8 thoughts on “Hebrews 1:6

  • Monday, August 6th, 2018 at 9:23 am

    Amen Jesus is God God is Jesus our focus on that fact keeps everything in perspectiv or should.
    Thank you lord for loving us so much and wanting us to be with you forever!

    Grace mercy and peace on you and yours

    We Are another day closer to home

    God bless my friend(s)

  • Monday, August 6th, 2018 at 9:25 am

    help us LORD

  • Monday, August 6th, 2018 at 11:35 am

    Pastor Charlie, I need some help with this. When i witness to hindus in my country ( they comprise a large % of the population), they tell you that they believe Jesus is God. They know all about his life and what He did on the cross. But the thing is they believe that He is one of many gods whom they worship. He is a god among the gods. Each god is approached for a particular need e.g. one for wealth, one to remove obstacles, one for sickness etc. They would tell you -we believe in Jesus but we cannot leave our religion.
    How do I approach this kind of belief when I am evangelizing?

  • Monday, August 6th, 2018 at 1:31 pm


  • Monday, August 6th, 2018 at 5:44 pm

    Jasmin Ruth this is a real problem with Hindus, and it is actually something that those in the RCC deal with. They look to Jesus for one thing, Mary for another, and even the saints when they pray. I honestly don’t know how to deal with this in a simple way. They need to come to the understanding that there is one, and only one, God. It is complicated, technical precision of words is necessary, and most would find it overwhelming. However, logic itself says that there can only be one God. I hate to direct you to the Genesis 1:1 sermon I did, because it is complicated, but there I talk about it in detail. If you watch that, maybe there will be something you can use to share with them. I will also send you a list of FIRST PRINCIPLES that I mention in the sermon. I do hope this will help.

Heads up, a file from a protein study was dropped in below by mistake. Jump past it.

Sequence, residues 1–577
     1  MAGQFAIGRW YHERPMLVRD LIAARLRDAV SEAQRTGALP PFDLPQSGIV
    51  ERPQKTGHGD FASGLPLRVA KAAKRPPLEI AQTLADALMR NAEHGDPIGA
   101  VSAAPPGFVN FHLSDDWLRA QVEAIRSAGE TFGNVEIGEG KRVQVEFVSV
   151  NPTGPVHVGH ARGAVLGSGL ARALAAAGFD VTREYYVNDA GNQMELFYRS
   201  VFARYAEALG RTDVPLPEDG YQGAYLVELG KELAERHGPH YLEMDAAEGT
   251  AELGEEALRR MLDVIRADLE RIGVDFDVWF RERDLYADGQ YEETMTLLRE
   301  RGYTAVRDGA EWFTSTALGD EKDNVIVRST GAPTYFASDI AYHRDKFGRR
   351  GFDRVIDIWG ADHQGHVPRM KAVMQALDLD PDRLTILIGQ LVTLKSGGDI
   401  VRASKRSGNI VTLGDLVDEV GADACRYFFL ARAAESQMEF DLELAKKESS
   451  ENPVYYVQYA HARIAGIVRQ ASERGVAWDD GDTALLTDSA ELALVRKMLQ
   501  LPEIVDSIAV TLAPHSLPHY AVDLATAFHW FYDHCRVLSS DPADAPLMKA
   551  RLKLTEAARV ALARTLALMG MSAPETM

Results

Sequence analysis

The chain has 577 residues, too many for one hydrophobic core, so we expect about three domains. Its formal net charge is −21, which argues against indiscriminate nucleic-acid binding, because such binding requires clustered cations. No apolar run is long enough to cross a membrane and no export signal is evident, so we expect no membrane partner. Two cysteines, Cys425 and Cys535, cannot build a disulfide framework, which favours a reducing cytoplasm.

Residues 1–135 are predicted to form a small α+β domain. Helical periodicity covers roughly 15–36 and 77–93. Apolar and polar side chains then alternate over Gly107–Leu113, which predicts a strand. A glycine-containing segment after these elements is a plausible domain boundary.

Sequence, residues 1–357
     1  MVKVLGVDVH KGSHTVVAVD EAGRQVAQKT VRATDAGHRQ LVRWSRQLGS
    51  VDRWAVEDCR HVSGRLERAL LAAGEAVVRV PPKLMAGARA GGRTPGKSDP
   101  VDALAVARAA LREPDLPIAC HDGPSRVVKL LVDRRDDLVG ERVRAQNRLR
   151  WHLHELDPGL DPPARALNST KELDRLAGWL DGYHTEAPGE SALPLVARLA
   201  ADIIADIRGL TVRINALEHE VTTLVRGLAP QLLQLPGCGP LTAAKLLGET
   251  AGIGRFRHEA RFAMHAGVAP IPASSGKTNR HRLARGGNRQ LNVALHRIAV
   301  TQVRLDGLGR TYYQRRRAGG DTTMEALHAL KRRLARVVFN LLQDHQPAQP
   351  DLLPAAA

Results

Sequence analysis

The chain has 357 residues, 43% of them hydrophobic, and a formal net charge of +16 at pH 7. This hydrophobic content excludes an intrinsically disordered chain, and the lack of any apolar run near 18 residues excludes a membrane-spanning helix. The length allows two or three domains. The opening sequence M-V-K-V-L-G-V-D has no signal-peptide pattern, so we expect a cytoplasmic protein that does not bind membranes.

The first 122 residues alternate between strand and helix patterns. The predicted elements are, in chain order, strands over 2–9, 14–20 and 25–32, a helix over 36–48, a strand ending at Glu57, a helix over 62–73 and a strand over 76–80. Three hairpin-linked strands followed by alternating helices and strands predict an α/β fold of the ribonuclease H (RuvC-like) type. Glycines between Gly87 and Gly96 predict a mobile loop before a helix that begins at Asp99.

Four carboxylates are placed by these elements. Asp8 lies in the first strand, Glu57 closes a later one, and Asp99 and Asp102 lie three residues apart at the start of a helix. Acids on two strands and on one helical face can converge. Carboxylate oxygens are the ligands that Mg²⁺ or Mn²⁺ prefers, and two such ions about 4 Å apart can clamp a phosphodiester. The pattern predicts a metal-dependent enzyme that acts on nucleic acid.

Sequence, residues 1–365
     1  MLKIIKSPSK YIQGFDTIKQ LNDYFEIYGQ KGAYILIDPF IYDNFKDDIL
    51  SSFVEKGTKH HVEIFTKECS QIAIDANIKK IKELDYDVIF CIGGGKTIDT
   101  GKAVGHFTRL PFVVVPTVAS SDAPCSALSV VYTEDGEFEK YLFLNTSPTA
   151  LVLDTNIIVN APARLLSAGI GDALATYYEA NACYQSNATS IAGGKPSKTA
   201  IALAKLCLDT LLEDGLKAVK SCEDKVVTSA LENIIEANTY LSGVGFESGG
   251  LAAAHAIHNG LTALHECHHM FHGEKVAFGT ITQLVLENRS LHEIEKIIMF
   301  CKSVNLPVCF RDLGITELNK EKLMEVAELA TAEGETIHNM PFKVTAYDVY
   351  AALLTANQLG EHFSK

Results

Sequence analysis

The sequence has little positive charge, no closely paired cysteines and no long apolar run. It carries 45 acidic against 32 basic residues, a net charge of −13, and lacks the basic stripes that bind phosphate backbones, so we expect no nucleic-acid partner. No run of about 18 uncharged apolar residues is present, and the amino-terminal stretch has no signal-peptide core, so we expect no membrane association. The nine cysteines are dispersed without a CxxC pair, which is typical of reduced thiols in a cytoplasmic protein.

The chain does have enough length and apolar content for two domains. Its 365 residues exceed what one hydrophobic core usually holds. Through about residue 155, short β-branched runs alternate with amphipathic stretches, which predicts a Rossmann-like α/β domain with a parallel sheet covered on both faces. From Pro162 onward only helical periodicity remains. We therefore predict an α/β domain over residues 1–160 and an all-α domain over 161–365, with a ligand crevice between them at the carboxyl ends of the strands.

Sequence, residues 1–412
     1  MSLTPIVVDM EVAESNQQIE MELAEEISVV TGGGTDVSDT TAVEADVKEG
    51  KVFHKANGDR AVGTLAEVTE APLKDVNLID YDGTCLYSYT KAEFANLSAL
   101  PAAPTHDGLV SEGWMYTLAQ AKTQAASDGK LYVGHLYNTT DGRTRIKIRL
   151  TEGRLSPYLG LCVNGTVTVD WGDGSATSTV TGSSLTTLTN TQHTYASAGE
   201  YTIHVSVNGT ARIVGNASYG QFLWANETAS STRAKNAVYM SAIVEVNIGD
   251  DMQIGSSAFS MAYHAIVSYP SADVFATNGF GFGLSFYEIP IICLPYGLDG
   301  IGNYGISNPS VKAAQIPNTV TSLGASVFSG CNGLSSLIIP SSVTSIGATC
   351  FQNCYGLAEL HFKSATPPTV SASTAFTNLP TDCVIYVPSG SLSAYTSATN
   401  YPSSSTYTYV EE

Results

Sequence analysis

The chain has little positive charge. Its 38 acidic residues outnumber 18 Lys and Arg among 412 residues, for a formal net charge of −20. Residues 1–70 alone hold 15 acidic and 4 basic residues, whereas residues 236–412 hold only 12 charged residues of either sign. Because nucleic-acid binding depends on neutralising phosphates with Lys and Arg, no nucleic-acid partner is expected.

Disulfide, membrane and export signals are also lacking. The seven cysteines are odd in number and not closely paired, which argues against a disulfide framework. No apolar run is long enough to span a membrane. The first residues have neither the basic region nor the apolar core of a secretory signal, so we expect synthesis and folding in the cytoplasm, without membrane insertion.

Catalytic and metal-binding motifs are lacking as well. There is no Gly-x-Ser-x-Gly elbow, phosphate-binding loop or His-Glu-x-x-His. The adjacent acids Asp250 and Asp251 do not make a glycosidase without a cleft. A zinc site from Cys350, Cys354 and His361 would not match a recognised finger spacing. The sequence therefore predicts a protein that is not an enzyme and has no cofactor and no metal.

• Thursday, August 9th, 2018 at 3:55 pm

      Thank you . I will look at the Genesis sermon. I also will study the contents of the email.

  • Thursday, August 30th, 2018 at 8:26 am

    Charlie hi, I took your advice to look into other commentaries, and I found adam Clarke’s commentary. If you happen to see this response, I would like you to know that his commentary on this verse was very helpful, as was yours. what I took away from it was that Christ’s second coming actually started immediately after his post resurrection appearance, and that is what Clarke points out. that made sense to me, as well as the fact that you pointed out that it refers to a second coming at the end of the age.
    It helped me to understand the verse, that is referring to “first begotten, that it is not saying that Christ was the a created being like JW’s say aboutHim.

    Clarke says in part…This most manifestly refers to his resurrection,which might most properly be considered a second incarnation…
    Charlie, I’ll leave it at that, hoping that you see what stirred me today.

    • Thursday, August 30th, 2018 at 12:11 pm

      John, thank you so much for sharing this. Adam Clarke is truly one of the greats! Have a most blessed afternoon.